Peruvian Mint

| 1/24/2013 9:42:05 AM

Peruvian mint leavesAt some point in the mid 1980s, we’d acquired a vining succulent plant which we’d never seen before. The seller at the flea market told us the plant was called Peruvian Mint. We planted it in the yard and it spread and spread. I especially liked where I planted it along paths, and when I walked there, the crushed leaves would perfume the air with its mintiness.

We had so much of it that we began to pot and sell it when we went to farmers markets and flea markets. One day in the early 1990s, while selling potted Peruvian mint at the Pasadena City College flea market, we met a man who told us that he was the one who introduced this plant into the United States. (I don’t recall his name). We had no reason to doubt him, and he explained that he’d introduced the plant about 10 or so years earlier. That explained why we’d not seen the plant in earlier years.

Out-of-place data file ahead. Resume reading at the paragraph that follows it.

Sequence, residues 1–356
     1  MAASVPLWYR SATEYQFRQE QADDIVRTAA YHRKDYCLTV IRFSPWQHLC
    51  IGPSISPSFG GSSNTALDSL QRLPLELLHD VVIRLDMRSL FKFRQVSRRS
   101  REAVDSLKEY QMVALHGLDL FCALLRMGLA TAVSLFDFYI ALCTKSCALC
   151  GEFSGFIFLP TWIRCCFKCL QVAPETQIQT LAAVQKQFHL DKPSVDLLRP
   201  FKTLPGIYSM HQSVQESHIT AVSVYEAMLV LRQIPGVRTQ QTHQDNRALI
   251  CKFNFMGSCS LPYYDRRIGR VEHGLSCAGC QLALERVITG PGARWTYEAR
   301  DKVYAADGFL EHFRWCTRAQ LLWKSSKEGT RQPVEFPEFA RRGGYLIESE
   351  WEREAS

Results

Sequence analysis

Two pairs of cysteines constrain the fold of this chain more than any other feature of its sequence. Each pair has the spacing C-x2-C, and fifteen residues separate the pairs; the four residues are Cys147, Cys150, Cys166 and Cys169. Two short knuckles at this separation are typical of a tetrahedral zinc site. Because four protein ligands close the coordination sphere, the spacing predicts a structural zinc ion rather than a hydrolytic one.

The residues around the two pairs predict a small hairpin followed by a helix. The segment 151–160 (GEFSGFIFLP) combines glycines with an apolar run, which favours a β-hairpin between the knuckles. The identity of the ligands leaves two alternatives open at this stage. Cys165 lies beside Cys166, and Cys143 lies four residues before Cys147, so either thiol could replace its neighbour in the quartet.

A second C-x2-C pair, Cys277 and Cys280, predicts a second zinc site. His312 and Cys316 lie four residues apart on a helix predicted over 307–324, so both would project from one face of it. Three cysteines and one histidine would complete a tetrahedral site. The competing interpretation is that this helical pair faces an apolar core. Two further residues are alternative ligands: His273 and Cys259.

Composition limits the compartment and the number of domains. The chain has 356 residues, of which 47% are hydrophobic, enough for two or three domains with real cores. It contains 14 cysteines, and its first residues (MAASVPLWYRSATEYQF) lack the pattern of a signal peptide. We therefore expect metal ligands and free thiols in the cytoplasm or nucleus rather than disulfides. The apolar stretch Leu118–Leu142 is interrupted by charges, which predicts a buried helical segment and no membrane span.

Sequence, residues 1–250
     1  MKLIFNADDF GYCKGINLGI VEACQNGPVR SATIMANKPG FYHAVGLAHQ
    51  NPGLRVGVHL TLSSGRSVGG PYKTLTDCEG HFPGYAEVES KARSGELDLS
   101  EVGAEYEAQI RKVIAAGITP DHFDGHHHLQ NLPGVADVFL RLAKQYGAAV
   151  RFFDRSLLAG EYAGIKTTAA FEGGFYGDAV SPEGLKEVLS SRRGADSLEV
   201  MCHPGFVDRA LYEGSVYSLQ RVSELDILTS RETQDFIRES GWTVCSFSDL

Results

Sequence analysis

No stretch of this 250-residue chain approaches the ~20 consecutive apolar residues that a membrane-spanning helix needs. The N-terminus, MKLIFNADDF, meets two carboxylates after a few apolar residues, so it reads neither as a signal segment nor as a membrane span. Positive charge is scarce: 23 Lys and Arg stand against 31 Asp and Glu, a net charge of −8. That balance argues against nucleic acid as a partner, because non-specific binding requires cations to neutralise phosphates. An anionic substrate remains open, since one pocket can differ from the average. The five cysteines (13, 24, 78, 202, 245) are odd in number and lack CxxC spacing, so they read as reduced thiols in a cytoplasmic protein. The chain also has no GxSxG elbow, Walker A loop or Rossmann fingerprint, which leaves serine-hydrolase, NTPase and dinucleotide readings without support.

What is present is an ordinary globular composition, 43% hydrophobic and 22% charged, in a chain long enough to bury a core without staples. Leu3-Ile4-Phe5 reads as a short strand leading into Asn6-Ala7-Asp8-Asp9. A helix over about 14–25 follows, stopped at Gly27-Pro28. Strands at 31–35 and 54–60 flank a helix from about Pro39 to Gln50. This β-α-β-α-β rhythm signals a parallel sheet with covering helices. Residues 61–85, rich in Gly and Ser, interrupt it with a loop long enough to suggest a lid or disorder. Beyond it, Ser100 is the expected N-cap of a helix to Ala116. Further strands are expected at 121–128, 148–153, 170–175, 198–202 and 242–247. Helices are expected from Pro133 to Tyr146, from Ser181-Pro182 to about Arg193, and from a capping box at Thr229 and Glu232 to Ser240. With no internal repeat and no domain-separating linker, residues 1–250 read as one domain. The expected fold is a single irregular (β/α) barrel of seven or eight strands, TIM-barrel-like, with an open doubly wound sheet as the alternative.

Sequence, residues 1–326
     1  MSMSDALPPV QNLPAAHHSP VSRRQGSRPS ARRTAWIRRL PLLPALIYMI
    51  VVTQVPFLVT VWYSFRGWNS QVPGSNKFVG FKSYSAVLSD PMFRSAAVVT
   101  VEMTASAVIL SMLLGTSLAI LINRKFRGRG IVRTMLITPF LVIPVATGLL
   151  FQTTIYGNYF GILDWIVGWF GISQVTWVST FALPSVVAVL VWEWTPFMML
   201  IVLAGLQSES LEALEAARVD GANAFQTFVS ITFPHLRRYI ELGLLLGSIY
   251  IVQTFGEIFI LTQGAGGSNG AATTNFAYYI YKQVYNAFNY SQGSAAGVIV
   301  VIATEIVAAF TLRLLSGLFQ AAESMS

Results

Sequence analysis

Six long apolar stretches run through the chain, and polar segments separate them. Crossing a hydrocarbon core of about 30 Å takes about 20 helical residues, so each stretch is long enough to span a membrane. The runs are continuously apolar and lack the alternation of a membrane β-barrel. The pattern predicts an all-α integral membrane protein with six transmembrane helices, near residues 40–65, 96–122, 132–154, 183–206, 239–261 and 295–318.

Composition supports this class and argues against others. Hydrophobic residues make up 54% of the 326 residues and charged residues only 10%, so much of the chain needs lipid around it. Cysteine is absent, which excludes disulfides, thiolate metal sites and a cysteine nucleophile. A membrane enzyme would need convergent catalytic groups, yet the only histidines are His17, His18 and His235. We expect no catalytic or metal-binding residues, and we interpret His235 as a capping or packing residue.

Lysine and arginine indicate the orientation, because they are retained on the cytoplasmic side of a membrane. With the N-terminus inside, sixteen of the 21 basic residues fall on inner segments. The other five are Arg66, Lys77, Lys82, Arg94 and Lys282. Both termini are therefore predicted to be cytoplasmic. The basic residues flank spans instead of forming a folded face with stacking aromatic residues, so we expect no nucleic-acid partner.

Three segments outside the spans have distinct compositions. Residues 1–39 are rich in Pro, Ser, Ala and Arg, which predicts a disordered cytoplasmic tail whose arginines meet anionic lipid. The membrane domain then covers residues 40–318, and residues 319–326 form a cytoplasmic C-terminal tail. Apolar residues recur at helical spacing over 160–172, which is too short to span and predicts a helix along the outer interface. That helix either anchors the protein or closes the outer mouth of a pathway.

It took us awhile to learn the Latin name for this plant. Though sometimes called Peruvian mint elsewhere, we also saw people calling it the Vick’s plant, as in the Vick’s cough drops, because of the plant’s strong aroma resembling cough medicine. The Latin name is Plectranthus cylindraceus, and also known as P. marrubioides. It turns out that the plant is originally from South Africa, not from Peru.

Over the years, we’ve made minty infusions from the leaves and drank it just for flavor. It’s good with or without sweeteners. It is strongly mint flavored, with a touch of eucalyptus flavor.

We have also taken the leaves, rubbed them between our hands to mush them up, and then applied the mush to minor cuts, wounds and skin conditions with generally favorable results.

Due to its strong aroma, we’ve found that the mushed-up leaves can also be used as a body deodorant.

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